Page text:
from Hal Turner Radio Show:
By now, all of you know that on Wednesday, members of Congress were on a chartered AMTRAK train traveling from Washington, DC to the Greenbriar Resort in West Virginia for a “Retreat.” That train somehow struck a truck which was crossing the railroad tracks.
While the truck driver was killed, no members of Congress were seriously hurt.
Did you ALSO know that beneath the Greenbriar Resort is a Continuity of Government Bunker built specifically for Congress? It’s true. Did you also know that one of the Rothschild’s, specifically David M. Rothschild, Tweeted before President trump’s State of the Union address “no one is going to remember this speech in the morning?”
Did Rothschild know (or think) that Congress was going to be wiped out in a train wreck?
The Greenbrier’s Bunker History
Construction began in 1958 on the 112,544-square-foot bunker, which was built 720 feet into the hillside under The Greenbrier’s West Virginia Wing. Once complete in 1961, the facility was maintained in a constant state of readiness by a small group of government employees working undercover as Forsythe Associates, a company hired by the resort for audio/visual support services.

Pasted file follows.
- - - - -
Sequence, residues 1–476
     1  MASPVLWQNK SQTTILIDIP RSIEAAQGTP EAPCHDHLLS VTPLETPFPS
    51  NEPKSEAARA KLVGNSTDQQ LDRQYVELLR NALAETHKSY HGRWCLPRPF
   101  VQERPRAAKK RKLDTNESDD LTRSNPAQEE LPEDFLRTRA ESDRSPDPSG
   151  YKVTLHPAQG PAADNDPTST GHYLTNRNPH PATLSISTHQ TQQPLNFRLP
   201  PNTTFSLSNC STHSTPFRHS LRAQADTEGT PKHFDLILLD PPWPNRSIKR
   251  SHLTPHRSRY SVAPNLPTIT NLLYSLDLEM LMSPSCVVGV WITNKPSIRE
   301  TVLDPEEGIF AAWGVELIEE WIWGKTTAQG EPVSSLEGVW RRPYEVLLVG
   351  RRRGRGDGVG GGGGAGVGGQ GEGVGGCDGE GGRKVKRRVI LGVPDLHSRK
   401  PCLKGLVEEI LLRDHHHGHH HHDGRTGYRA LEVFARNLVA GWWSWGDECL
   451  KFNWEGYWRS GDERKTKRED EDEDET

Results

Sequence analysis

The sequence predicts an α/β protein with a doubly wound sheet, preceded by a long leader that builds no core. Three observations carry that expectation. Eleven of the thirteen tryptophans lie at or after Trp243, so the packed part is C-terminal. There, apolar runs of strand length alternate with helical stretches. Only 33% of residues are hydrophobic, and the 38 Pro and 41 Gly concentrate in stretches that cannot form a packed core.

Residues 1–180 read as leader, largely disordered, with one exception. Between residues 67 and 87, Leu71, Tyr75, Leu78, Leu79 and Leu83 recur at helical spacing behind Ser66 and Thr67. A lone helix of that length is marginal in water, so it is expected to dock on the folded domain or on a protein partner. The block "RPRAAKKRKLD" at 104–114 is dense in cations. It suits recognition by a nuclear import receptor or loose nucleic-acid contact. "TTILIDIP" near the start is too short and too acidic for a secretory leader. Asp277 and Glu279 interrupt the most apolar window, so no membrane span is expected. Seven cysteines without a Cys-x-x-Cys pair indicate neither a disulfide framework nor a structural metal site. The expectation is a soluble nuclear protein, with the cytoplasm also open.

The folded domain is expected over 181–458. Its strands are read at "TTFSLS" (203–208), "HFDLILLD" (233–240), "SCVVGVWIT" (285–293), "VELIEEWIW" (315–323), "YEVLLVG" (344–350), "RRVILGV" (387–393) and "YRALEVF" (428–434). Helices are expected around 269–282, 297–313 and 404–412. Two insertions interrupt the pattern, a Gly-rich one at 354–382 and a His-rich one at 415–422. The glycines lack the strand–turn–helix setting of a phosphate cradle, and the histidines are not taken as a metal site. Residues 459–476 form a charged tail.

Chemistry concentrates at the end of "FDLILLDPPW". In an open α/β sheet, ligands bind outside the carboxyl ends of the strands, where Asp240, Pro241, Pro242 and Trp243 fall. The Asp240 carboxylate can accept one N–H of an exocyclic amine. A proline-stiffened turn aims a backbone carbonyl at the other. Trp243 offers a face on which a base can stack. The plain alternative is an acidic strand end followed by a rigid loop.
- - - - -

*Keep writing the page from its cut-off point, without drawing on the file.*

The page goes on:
During its Eisenhower-Era use, The Bunker provided the following:
- Four entrances; three to The Greenbrier’s grounds and one to the main building
- 25-ton blast door that opens with only 50 lbs. of pressure
- Decontamination chambers
- 18 dormitories, designed to accommodate over 1,100 people
- Power plant with purification equipment and three 25,000-gallon water storage tanks
- Three 14,000-gallon diesel fuel storage tanks
- Communications area, including television production area and audio recording booths
- Clinic with 12 hospital beds, medical and dental operating rooms
- Intensive care unit
- Meeting rooms for the House and Senate, the Governor’s Hall and Mountaineer room (See image below)
Over the 30 years that it was an active facility, communications and other equipment were updated, keeping The Bunker at full-operation status. The location of the facility, critical to its effectiveness, remained a secret for more than three decades.
On May 31, 1992, The Washington Post published an article which exposed the facility. As a direct result, the U.S. government began de-commissioning The Bunker and ended the lease agreement with The Greenbrier in 1995.